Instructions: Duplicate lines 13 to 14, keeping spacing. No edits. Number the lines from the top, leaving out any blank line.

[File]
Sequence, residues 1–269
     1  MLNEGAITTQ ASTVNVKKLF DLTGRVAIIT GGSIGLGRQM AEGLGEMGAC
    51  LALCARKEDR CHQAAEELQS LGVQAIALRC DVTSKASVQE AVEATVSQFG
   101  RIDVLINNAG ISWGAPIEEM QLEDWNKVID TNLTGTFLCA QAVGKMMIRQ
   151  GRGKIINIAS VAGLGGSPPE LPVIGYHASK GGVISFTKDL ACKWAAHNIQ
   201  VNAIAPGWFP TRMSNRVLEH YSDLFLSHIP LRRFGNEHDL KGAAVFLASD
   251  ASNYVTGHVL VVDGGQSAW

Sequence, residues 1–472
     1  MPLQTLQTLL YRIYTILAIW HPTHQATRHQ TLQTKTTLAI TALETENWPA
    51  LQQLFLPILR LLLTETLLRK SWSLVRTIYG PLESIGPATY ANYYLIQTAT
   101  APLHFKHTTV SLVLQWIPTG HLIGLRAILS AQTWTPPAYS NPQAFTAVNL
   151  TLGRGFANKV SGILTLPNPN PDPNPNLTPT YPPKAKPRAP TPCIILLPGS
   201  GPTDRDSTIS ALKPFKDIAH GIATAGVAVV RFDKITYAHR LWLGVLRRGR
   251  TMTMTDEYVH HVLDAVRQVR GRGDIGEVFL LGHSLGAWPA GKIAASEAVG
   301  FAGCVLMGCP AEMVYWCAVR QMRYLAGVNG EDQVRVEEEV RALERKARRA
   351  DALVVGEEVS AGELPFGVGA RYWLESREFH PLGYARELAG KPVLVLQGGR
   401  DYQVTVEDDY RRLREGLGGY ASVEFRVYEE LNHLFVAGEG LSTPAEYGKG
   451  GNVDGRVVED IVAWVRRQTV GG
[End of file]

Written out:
   201  GPTDRDSTIS ALKPFKDIAH GIATAGVAVV RFDKITYAHR LWLGVLRRGR
   251  TMTMTDEYVH HVLDAVRQVR GRGDIGEVFL LGHSLGAWPA GKIAASEAVG